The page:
5. Departmental Major Requirement and Minor Requirement: To be eligible for graduation with a bachelor’s degree, a student must fulfill the requirements of both the major(s) and minor(s) in which they have expressed their interest (s). These criteria could call for students to take classes in fields other than their major to acquire the knowledge and skills that are necessary for working in that field.
  6. Foundational Requirements for the First-Years (Arts and Sciences students only): The primary major of an undergraduate student determines which school the student is affiliated with and as a result, which classes the student must take to fulfill the First-Year Foundations requirement. First-year students in the Arts and Sciences are required to take both a First-Year Seminar and a Reintroduction to Writing course to fulfill the prerequisites for their major.

Students who are transferring into the Arts and Sciences are required to finish both an authorized seminar and the Reintroduction to Writing course (or an equivalent transferred course). Because this prerequisite is not applicable to engineering undergraduates, even those who have an additional major in arts and sciences, the entire description of this requirement can only be found in the arts and sciences catalog.

What Do Most Johns Hopkins Graduates Do?

Research is at the heart of Johns Hopkins University, which has produced faculty and graduates who have made seminal discoveries in a wide variety of fields, from advances in surgical techniques to methods of purifying water.

Although it is best known for its pre-med, scientific, and engineering programs, Johns Hopkins University offers its students more than fifty different majors to select from. These include music degrees from the Peabody Institute, the school’s conservatory.

Two students studying in a desk.

Now, a lot of students might be curious about “What do most Johns Hopkins graduates do?” Six months after graduation*, the following statistics pertain to members of the Class of 2021:

  • Full-time employment or in paid public service: 55%
  • Enrolled in a graduate or professional school: 31%
  • Fellowship, military service, entrepreneurial endeavors, etc.: 5%
  • Actively seeking work: 6%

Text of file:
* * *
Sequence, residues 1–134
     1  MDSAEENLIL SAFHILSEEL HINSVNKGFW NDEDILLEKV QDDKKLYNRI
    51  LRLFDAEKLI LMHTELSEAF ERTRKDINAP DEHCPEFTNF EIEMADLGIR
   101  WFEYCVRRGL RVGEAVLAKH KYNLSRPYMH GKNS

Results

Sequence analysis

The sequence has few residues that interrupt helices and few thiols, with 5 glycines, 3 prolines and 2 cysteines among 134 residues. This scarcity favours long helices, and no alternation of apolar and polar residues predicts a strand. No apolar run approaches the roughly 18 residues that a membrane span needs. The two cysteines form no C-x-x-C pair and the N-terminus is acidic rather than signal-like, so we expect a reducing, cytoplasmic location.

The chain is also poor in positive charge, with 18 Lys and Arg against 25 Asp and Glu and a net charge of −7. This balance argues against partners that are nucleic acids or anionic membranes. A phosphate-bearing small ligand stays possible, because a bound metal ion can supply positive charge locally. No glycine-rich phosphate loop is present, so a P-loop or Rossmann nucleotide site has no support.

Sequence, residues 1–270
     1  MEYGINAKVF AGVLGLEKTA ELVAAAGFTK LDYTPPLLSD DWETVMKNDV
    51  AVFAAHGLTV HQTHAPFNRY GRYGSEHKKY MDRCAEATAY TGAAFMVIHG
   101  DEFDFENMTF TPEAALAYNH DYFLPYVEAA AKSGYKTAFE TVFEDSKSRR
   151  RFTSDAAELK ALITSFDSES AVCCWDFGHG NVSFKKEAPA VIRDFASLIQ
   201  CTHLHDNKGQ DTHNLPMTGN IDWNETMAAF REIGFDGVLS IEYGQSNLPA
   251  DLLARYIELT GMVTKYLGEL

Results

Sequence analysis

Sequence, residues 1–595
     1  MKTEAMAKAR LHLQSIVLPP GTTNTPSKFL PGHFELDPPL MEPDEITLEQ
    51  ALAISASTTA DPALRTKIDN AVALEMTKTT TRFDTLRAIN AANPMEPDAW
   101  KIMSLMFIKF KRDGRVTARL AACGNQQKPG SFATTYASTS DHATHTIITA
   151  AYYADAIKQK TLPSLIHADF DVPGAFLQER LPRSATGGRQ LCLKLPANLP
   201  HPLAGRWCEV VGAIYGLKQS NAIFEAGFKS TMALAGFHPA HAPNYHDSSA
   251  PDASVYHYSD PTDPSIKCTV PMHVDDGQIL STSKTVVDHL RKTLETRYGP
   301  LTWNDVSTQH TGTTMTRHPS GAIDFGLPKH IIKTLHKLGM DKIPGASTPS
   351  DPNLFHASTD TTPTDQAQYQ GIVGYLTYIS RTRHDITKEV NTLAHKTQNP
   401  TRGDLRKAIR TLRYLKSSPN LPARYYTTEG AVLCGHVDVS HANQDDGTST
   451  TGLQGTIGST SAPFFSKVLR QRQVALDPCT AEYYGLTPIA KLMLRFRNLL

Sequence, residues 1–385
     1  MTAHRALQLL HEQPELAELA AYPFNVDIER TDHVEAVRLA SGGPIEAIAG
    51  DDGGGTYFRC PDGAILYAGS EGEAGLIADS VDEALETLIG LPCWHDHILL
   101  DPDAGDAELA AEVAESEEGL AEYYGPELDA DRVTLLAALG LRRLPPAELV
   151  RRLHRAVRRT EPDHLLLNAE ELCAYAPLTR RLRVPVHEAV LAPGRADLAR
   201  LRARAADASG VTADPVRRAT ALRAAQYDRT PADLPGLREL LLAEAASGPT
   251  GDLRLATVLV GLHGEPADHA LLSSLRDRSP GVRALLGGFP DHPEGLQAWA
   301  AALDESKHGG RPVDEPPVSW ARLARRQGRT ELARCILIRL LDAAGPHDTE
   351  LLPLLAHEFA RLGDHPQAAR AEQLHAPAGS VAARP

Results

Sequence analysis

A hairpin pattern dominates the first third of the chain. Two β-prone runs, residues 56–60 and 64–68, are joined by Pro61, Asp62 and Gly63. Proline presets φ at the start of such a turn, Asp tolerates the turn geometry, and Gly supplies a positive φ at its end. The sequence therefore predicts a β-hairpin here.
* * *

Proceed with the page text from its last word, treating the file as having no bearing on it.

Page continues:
• Submitting applications to graduate or professional schools: 3%

Acceptance Rates to Medical and Law Schools

  • The overall acceptance rate to medical schools: 80%
  • The overall acceptance rate to law schools: 97%

*According to a poll taken after graduates of the Class of 2021

Famous alumni members include former President Woodrow Wilson, journalist Wolf Blitzer, and billionaire media businessman John Malone. Moreover, the school was able to strengthen its financial aid program and fulfill all demonstrable needs without resorting to loans as a result of a record-setting donation of $1.8 billion made by billionaire alumnus Michael Bloomberg in 2018.

Is a degree from Johns Hopkins worth it?

The University of Johns Hopkins is regarded as one of the leading educational institutions in the United States. The institution has climbed up to the 9th place on the list of the best colleges in the country that is compiled by U.S. News & World Report for the academic year 2022-2023. Over the course of the past years, Johns Hopkins University has consistently ranked among the top 10 institutions.

Johns Hopkins University is the place to be if you are interested in doing research. Students will find that the campus is an ideal environment in which to bring their business plans and ideas to fruition. Student creators have an additional opportunity for grants and prize cash that can total up to $30,000.

Group of students smiling in the camera.

Recently, the FastForward U, a campus entrepreneurship hub at Johns Hopkins,  is preparing to give away more than $365,000 in scholarships to students. Exciting activities are held continuously throughout the year, such as mini-courses led by industry professionals and covering topics such as how to make a pitch to investors.